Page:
1. Fitted unit to underside of Givi Topbox with Velcro tape
2. Fed cables through the bottom of the Top Box
3. Fitted wrapping around the cables and cable tie into place to tidy things up
4. Bolted a cradle to the underside of the topbox to hold the CB radio with Velcro.
5. Connected UHF antenna cable and remote PTT cabling to CB.
1. Fed cables through the bike.
2. Added an inline fuse and cigarette lighter socket for powering appliances.
3. Added a 5amp noise supressor from Jaycar ( this made a big difference on my previous Autocom ).
4. All cable tied into place to keep it all neat and tidy.

Fitting up the unit itself was fairly easy. I had tested everything first before setting the unit and cables into place including the CB radio.

The most challenging thing I had to do was fit three headset looms into different helments ( AGV, HJC and Shoei ) . The Shoei proved to be the more difficult.

Once completed, my pillion and I took the bike for a test ride and after a bit of tweaking of the microphone distance and pillion / rider volume contols and it works brilliantly.

ANTENNAS :- they will make or break your bike to bike conversations .... Read hear.
My Settings
With Stereo Earplugs
With Foam Earplugs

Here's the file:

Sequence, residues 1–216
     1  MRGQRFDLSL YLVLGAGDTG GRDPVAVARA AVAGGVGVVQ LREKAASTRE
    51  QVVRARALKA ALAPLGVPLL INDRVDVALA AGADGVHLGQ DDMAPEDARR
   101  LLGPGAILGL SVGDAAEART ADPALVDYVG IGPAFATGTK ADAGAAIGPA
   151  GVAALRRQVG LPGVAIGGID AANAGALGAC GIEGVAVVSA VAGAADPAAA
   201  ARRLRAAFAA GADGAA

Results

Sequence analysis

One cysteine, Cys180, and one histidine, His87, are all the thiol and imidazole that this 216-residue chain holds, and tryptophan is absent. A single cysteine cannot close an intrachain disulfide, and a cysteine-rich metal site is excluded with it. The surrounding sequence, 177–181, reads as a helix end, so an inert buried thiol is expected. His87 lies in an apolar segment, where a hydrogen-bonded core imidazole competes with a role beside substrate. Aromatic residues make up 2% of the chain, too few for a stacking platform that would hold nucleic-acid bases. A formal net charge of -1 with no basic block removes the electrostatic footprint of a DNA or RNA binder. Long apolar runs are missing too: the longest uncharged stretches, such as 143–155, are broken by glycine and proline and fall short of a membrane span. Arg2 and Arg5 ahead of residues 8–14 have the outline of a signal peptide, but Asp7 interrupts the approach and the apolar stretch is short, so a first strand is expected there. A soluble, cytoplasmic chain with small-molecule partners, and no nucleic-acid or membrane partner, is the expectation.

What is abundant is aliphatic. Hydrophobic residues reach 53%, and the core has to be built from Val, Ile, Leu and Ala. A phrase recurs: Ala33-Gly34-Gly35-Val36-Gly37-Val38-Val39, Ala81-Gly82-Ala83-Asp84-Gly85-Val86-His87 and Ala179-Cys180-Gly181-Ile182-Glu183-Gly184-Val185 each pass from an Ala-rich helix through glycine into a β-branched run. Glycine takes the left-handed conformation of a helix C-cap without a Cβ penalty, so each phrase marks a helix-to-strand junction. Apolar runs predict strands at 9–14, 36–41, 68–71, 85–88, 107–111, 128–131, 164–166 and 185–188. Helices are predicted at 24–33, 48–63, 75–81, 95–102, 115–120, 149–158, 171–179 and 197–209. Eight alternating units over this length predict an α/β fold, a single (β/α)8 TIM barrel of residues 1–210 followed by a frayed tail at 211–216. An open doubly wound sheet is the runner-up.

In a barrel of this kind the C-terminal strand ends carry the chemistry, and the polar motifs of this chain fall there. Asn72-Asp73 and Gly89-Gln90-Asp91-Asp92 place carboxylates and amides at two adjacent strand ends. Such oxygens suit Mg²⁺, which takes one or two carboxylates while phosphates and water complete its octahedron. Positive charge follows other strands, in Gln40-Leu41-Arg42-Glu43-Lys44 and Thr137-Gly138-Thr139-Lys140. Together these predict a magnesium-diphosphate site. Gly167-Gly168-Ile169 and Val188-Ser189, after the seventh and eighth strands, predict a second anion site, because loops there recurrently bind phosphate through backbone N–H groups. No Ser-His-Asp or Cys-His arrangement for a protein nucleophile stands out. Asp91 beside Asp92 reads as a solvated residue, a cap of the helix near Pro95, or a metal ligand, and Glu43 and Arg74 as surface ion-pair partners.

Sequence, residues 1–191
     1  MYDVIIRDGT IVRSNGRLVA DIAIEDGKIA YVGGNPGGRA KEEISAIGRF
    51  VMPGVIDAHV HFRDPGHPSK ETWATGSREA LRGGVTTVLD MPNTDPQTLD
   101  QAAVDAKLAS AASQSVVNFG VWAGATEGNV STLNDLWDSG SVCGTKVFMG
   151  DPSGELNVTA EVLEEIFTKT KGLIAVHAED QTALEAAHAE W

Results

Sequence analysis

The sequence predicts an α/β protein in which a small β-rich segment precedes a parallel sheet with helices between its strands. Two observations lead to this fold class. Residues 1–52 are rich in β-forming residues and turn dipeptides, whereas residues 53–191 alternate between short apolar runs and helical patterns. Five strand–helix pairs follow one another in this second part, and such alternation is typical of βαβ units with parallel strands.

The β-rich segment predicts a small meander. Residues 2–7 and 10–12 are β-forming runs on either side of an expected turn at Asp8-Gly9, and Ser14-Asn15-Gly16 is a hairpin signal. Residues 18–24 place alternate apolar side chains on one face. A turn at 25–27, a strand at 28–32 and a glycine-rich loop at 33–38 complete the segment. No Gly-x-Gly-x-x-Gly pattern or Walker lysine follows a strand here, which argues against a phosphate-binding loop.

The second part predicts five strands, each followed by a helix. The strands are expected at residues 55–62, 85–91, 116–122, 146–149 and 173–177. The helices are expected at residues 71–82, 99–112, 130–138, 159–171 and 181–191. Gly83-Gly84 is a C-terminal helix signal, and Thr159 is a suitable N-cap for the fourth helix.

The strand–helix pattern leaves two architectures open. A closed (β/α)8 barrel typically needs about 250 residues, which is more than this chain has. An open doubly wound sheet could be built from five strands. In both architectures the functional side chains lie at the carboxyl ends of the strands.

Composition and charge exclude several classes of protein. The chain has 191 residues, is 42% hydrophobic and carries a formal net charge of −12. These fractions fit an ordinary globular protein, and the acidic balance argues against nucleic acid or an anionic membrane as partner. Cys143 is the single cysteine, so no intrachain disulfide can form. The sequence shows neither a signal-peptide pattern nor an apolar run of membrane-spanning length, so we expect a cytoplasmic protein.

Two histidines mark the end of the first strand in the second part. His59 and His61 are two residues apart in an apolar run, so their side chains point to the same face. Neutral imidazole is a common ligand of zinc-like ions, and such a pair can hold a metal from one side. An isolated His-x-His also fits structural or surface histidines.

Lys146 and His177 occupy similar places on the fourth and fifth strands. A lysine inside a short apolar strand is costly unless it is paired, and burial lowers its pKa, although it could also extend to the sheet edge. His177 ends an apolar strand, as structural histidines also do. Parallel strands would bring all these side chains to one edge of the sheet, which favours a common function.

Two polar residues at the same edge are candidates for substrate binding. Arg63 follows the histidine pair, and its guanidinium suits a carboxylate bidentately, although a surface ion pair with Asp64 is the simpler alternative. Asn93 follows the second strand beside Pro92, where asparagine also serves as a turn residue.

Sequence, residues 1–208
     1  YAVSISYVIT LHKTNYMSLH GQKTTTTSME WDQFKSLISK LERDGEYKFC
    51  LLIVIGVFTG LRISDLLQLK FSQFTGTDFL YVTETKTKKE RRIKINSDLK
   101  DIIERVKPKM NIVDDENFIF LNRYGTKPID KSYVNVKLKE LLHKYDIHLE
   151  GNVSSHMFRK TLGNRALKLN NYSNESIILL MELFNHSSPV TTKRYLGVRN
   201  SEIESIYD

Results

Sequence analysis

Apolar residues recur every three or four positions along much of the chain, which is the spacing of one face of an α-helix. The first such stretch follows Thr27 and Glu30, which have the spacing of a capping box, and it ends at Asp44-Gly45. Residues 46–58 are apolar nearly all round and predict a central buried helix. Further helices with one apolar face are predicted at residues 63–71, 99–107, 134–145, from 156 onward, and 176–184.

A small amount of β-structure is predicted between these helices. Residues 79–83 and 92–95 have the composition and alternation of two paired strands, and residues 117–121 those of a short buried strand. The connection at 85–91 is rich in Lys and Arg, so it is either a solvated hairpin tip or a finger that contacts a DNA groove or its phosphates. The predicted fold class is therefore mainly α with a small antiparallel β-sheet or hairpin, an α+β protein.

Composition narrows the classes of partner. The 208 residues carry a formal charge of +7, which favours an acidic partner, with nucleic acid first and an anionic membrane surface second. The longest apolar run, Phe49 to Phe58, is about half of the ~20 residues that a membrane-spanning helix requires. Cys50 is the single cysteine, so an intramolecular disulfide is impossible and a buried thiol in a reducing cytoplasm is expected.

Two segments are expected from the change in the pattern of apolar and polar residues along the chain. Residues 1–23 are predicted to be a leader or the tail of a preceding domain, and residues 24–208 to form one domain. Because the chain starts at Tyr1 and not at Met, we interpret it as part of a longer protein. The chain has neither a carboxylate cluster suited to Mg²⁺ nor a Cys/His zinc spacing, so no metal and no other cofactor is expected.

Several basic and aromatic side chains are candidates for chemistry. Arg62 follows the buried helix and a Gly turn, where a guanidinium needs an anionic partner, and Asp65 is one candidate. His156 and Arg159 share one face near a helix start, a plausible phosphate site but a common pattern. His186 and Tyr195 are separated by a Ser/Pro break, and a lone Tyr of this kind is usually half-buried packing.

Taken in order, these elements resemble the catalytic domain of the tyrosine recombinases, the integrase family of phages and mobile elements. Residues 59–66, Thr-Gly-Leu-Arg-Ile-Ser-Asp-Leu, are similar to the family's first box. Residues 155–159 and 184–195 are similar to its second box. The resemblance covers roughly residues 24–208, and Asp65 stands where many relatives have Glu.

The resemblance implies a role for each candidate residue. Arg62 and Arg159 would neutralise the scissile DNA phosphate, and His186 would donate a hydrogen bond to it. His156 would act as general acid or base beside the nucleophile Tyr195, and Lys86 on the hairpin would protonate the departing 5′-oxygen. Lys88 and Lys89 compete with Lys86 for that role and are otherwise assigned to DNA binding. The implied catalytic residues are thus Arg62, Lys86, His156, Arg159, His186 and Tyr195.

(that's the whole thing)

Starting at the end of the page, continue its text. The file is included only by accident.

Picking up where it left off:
I have an Autocom fitted into the bike. It serves a few functions:-

1. Allows me to listen to music on long trips by allowing me to plug an MP3 player into it.
2. Allows me to talk to my pillion.
3. Allows me to talk to other riders fitted with a UHF ( Ultra high Frequency ) Radio.

Communicating pillion to pillion, at metropolitan speed limits is excellent, however at high speed the the VOX system may need to be adjusted to make it less sensitive to wind noise.

Rider to Rider, relies on the use of a UHF radio,unless you choose to use a PTT switch ( Push To Talk )  then you will need a radio that supports VOX. I have used a 1/2 watt radio with inbuilt antenna in the past and found it has a range of maybe a hundred feed.... pretty useless. I since have purchased a switchable .5 / 1 / 5 watt radio and have fitted an external antenna for better range.

[update ... I have since fitted a PTT ( Push To Talk ) switch and found it to be much better.]

[update 28/07/2010 .... I have recieved comments that other riders can hear alternator whine when I transmit. I have purchased the 5amp noise suppressor from Jaycar ( about $15.00 ) and am now told that I come in as clear as a bell ]

The antenna for talking rider to rider is a ground independant type.

Mobile Phone, I have used this option a couple of times but find talking and riding too distracting.

Music, sounds good, although once again I find it a distraction unless slabbing it along the highway.